What Paper Should I Print On?

resources imageYou've got an incredible offer, the perfectly primed mailing list, and the design can't be beat - unless you print on the wrong paper. When it comes to direct-marketing printing, the wrong paper can make an outstanding design sputter while the right paper can make even a lackluster design brim with brilliance. So how do you decide which paper to print on?

Audience first

Ask any printing company which paper stock to print on, and they'll most likely offer you something that looks great and that fits your budget. For some printers, it's a matter of taste or profit margin, but you should only be concerned with your audience's expectations and not your printer's. If your audience is expecting subdued prestige, such as for a high-concept art gallery, then thick matte paper would do the trick. If your audience is expecting refined luxury, such as for a jeweler, then a thick glossy paper would be in order. Sometimes your audience expects you to look cheap. A brochure supporting a school levy in a budget-strapped community might be printed on thin paper to lend the impression that the levy money will be spent in frugal fashion. A thick, aqueous coated brochure paper stock might be deemed a waste of money by taxpayers. Audience perception is crucial, so find out what your audience expects first to determine the perfect type of paper for your printing projects.

Medium second

resources image What you're printing is nearly as important as who you're sending it to. Printing thick door hangers is good, but if your brochures are so thick they crack rather than fold you might be overdoing it. That being said, straying from the norm will help you stand out from your competitors. A brochure printed oversized at 11-inch by 17-inch and on an extra-thick 100-pound gloss cover paper stock will be noticed in your prospects' mailboxes much quicker than a standard 8.5-inch by 11-inch brochure printed on 100-pound gloss text.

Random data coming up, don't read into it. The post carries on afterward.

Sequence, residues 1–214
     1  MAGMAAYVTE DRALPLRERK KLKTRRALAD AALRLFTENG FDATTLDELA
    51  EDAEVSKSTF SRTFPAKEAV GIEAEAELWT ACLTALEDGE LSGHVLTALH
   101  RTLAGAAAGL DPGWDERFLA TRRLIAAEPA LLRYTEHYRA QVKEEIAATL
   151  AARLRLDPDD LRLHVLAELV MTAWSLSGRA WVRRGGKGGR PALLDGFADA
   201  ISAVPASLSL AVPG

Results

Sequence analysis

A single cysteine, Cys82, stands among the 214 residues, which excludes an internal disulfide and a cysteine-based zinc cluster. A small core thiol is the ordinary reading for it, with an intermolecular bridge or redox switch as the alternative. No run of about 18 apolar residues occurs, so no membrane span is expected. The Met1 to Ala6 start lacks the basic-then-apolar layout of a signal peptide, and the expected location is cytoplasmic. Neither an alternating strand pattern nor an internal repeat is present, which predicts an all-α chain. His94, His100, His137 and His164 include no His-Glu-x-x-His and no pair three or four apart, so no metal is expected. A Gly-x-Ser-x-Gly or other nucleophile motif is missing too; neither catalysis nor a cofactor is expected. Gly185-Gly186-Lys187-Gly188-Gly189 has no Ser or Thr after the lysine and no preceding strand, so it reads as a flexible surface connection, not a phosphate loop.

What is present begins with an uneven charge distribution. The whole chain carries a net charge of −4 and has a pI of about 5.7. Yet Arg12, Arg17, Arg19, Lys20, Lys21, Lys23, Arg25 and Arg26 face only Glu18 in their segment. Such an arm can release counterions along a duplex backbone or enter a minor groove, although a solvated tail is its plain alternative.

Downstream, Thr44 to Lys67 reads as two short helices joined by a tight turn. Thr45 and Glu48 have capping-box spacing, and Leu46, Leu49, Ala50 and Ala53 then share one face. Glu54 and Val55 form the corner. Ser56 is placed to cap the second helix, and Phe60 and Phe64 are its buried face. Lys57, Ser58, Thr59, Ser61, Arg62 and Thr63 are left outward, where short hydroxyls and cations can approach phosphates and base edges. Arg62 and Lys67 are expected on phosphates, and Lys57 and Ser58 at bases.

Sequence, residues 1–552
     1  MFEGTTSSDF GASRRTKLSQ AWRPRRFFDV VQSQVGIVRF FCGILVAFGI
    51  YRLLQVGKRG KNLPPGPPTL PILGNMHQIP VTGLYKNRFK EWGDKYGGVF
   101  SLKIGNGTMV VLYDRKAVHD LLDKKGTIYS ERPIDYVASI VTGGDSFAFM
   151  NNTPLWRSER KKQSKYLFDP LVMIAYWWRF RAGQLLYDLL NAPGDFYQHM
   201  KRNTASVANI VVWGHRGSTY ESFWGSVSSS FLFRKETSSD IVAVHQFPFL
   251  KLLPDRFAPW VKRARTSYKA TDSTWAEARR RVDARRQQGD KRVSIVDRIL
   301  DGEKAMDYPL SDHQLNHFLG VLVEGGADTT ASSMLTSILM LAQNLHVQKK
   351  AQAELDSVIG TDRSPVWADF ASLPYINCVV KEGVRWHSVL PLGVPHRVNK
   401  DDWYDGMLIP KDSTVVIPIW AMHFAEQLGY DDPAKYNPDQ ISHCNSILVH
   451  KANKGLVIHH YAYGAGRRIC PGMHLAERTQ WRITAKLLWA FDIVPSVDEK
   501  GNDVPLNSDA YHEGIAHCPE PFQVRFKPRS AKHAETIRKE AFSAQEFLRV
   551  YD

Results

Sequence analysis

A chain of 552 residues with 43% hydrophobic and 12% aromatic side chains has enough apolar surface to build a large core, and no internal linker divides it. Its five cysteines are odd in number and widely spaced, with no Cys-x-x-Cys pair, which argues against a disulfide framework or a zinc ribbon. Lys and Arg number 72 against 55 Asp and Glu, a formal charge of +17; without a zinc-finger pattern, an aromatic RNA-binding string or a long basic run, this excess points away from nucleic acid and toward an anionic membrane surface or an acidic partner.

Price last

Printing marketing materials is an investment, not an expense, and so you should consider your price last. Experiment with different types of paper stocks in your direct-mail campaigns to see which yields the highest return on investment. You should do this for the same campaign against different sections of your target audience to get accurate results. You might discover that while oversized, thick brochures cost more to print than standard brochures, they yield a half-percent higher Return on investment and therefore an increased profit margin. Mix it up and measure results to fine-tune your marketing campaign. Your choice of paper stocks not only influences your profit, it can make or break your marketing campaign. Choose the best paper stocks for your audience from a quality online printing company for the best results.